IN THE UNITED STATES DISTRICT COURT FOR THE WESTERN DISTRICT OF PENNSYLVANIA
March 17, 2010
MICHAEL BECKINGER, ADAM BLAKE, DAVID KERESTES, PAUL SAXON, JUSTIN WARDMAN, PLAINTIFFS,
TOWNSHIP OF ELIZABETH, DONALD SIMILO COMMISSIONER, JOANNE BECKOWITZ COMMISSIONER, ROBERT THOMAS COMMISSIONER, HELEN KOCHAN COMMISSIONER, EDWARD GRONLUND COMMISSIONER, ROBERT H. KEEFER COMMISSIONER, LARRY VOTA COMMISSIONER, CHIEF OF POLICE ROBERT W. MCNEILLY, SERGEANT WILLIAM K. BLACK, INDIVIDUALLY AND IN THEIR CAPACITY DEFENDANTS.
The opinion of the court was delivered by: Conti, District Judge
Pending before the court is a motion for summary judgment (Docket No. 34) filed by defendants Township of Elizabeth (the "Township"), Robert W. McNeilly ("McNeilly"), and William K. Black ("Black") in their individual and official capacities (collectively, "defendants"), with respect to the remaining claims asserted in the first amended complaint ("Am. Compl.") (Docket No. 10) by plaintiffs Michael Beckinger ("Beckinger"), Adam Blake ("Blake"), David Kerestes ("Kerestes"), Paul Saxon ("Saxon"), and Justin Wardman ("Wardman" and together with Beckinger, Blake, Kerestes and Saxon, the "plaintiffs"). The remaining claims*fn1 are asserted in count I against the Township and McNeilly and Black in their individual capacities, pursuant to 42 U.S.C. § 1983 for retaliation and prior restraint in violation of the First Amendment to the United States Constitution; in count V against McNeilly and Black under Pennsylvania law for intentional infliction of emotional distress ("IIED"); and in count VI against McNeilly under Pennsylvania law for slander per se.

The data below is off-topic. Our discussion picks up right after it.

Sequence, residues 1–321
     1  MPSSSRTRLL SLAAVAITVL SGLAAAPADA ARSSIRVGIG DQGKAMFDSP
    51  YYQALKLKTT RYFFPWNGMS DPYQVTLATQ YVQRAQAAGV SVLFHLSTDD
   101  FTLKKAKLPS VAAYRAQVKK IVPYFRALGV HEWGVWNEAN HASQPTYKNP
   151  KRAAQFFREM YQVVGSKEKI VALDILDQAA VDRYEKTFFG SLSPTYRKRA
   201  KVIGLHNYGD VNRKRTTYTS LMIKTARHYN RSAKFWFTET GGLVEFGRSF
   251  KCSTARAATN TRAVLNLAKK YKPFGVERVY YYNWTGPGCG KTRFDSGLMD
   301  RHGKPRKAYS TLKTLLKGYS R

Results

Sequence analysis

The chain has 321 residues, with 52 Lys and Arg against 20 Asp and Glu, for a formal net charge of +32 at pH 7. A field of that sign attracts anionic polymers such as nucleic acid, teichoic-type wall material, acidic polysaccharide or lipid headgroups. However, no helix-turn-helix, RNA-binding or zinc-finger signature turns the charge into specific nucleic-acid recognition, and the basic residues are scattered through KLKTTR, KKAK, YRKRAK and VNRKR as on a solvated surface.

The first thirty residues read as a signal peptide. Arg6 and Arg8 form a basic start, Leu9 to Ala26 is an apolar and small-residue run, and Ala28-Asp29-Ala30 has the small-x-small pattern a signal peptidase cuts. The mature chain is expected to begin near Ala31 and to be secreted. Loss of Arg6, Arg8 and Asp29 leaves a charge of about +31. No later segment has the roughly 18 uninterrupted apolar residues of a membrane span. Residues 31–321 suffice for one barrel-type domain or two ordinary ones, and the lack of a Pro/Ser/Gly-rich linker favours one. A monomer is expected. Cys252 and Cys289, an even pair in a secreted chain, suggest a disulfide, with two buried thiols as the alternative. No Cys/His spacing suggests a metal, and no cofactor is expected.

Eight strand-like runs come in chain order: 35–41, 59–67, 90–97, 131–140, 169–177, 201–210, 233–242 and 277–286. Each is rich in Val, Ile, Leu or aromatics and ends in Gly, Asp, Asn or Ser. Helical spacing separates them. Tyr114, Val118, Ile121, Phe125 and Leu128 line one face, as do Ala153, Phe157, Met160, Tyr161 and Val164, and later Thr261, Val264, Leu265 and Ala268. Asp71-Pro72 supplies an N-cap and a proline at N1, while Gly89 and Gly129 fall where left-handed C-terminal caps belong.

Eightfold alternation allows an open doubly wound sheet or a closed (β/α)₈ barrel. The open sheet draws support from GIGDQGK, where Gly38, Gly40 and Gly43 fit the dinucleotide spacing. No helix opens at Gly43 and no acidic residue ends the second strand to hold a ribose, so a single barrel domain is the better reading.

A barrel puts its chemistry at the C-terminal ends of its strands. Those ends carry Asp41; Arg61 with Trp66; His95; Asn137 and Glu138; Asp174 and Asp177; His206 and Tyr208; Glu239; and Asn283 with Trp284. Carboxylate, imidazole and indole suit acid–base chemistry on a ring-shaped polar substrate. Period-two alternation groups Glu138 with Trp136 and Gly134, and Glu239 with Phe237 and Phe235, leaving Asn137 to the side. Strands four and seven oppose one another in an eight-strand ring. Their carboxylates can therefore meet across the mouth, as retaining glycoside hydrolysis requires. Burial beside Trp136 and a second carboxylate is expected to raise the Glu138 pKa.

II. Procedural Background
On or about February 12, 2008, plaintiffs commenced this action by writ of summons in the Court of Common Pleas of Allegheny County, Pennsylvania and on March 1, 2008, filed a complaint. On March 31, 2008, defendants removed the action to this federal court. (Docket No. 1.) On April 7, 2008, defendants filed a motion to dismiss the complaint. (Docket No. 2.)